Google has coercively uninstalled the immensely famous ‘The Great Suspender’ extension from Google Chrome and classified it as malware.
The Great Suspender is a Chrome extension that will suspend unused tabs and empty its resources to decrease the browser’s memory usage. At the point when a user is prepared to use the tab once more, they simply needed to click it on to make it visible.
This extension was immensely famous with more than 2,000,000 users and has consistently been a prescribed extension because of its capacity to lessen Chrome’s memory usage.
At the point when Google eliminated it on Thursday, users were left with a message stating that “This extension contains malware,” however not giving any further setting on the best way to recuperate their suspended tabs or why they eliminated it.
With the unexpected expulsion of The Great Suspender extension, users who had suspended tabs were upset that they couldn’t access them once more.
It is possible to see a list of suspended tabs through Chrome’s inherent History highlight and use that list to recuperate the URL of the suspended page.
Instructions on the best way to do this, as well as other methods, can be found on this support page.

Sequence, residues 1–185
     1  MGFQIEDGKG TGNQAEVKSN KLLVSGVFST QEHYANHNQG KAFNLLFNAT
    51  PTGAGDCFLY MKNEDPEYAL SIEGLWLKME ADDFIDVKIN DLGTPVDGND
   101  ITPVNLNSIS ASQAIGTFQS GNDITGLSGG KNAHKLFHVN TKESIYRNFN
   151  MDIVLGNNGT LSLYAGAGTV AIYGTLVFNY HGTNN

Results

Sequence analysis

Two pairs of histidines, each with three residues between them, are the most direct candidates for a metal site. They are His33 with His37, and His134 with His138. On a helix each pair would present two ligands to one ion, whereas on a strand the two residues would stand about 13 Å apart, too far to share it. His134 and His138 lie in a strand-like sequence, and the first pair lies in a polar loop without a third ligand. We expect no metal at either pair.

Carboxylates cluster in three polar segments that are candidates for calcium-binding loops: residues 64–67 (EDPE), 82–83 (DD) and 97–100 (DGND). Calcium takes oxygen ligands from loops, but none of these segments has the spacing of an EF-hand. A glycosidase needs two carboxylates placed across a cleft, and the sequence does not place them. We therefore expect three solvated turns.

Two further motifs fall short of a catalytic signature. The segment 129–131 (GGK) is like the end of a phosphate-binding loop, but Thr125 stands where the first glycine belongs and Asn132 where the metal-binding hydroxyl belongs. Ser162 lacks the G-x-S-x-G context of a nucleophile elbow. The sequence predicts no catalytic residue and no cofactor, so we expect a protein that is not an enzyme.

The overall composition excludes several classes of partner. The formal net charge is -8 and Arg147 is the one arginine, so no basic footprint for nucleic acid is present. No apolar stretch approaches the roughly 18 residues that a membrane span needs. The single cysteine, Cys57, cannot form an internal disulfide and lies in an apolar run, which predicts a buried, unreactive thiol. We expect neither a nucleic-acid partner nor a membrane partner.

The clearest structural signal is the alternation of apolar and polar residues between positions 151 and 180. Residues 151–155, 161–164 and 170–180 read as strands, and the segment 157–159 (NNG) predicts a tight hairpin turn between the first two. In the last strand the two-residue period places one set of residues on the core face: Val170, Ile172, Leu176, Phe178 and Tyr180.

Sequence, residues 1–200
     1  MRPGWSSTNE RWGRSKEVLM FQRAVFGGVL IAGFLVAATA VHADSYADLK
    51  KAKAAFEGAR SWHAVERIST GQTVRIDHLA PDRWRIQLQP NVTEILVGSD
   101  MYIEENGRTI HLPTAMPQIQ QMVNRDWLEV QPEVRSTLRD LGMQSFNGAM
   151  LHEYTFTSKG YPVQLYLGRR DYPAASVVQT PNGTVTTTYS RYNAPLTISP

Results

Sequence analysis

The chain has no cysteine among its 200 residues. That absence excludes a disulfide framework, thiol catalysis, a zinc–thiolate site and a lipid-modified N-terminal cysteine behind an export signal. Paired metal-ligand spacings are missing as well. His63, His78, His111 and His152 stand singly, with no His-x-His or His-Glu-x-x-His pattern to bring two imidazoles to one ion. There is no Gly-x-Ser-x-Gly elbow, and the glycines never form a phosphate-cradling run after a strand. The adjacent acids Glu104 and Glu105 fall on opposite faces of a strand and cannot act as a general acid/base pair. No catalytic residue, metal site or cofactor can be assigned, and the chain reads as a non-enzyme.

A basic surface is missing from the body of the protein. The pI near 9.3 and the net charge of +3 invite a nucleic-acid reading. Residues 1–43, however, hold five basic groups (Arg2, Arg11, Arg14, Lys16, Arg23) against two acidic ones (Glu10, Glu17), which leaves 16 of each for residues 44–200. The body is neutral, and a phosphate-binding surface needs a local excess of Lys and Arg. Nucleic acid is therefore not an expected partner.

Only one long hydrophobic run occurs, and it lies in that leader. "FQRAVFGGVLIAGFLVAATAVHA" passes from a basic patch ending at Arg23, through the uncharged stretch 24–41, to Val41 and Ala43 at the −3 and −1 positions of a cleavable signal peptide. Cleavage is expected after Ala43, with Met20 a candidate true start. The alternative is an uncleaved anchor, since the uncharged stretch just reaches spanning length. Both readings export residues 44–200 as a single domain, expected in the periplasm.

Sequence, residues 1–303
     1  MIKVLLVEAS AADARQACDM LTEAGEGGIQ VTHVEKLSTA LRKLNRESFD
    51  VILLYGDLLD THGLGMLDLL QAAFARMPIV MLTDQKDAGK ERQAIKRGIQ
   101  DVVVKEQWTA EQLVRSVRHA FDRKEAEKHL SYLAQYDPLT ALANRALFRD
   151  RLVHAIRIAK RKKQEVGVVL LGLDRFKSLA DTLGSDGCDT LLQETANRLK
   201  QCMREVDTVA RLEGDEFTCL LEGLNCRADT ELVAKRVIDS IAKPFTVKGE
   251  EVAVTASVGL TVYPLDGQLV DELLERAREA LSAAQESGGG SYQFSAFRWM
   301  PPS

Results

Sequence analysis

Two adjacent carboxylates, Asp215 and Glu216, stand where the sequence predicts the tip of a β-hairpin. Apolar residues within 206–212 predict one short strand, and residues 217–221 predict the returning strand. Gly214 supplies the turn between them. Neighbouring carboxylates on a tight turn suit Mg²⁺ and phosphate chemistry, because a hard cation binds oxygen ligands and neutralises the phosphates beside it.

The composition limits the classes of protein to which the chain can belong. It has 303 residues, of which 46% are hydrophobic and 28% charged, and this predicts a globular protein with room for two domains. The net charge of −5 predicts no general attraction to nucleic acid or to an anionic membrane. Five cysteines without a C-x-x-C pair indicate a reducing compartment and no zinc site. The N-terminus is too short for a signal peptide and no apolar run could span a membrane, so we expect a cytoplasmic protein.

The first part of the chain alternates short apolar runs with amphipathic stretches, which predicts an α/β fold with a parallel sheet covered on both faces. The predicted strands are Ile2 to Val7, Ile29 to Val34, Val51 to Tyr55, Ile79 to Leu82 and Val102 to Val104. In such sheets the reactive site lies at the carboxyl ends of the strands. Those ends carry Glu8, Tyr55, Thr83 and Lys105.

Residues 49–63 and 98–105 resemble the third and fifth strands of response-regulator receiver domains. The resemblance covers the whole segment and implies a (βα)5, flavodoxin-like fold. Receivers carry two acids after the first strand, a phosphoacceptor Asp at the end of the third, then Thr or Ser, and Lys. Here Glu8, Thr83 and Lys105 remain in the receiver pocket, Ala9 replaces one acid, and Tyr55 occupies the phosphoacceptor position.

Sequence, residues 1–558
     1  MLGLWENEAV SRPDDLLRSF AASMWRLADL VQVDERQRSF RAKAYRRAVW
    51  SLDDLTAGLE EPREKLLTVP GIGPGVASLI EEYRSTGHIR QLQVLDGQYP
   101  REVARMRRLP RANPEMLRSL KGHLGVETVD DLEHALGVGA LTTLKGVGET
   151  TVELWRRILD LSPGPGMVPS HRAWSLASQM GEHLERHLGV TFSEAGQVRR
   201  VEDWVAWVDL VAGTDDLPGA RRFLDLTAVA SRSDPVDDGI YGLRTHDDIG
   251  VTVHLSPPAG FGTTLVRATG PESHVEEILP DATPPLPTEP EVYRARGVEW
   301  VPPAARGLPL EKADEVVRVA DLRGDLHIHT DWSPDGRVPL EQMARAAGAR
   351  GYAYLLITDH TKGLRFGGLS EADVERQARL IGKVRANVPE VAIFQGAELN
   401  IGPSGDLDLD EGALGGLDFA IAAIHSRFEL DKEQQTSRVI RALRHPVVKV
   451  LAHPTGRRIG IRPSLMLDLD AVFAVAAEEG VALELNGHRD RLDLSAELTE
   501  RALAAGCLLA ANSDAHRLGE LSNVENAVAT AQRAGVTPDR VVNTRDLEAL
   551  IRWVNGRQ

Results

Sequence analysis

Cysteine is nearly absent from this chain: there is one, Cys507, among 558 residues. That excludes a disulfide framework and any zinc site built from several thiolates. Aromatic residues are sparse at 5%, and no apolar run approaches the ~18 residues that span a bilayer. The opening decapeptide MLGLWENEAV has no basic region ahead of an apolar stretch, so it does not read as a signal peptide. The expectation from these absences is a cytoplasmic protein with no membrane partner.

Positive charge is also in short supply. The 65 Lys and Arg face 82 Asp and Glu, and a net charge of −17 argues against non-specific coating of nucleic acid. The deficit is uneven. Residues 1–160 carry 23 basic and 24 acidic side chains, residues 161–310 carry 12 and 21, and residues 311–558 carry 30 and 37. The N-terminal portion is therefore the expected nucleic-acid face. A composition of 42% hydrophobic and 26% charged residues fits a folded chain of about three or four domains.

In June 2020, the designer of The Great Suspender sold the extension to an obscure amount as he didn’t have the opportunity to appropriately maintain it.
At that point, users were suspicious of the sale was suspicious as to why someone would purchase a free open-source extension that didn’t produce any income for the engineer.
As free extensions have been purchased in the past and afterward adapted with malicious changes, such as infusing ads or stealing data, users were concerned the same would occur with The Great Suspender.
Sadly, the user’s concerns were justified when the new owner updated the extension in October 2020 to release version 7.1.8, which included scripts that followed the user’s conduct and executed code recovered from a far off server.
This malicious action prompted Microsoft eliminating the Microsoft Edge Store extension and another 7.1.9 version to be released without the malicious scripts.
The extension, however, kept on leftover in the hands of these obscure developers, who could present malicious code sometime in the future, possibly without users’ noticing.
On Thursday, Google pulled the Chrome Web Store extension as malware yet has not given any reason to doing as such. It is not satisfactory if Google discovered extra malicious scripts or responded to its history and the local area’s concerns.
For those who genuinely need to use The Great Suspender extension, the GitHub project page continues to offer version 7.1.6, which is the last release of the extension when claimed by the first engineer and does not contain malicious scripts.
To install the extension, you should do as such through Chrome’s developer mode, which is not suggested as it removes the security benefits offered by Google’s extension survey process.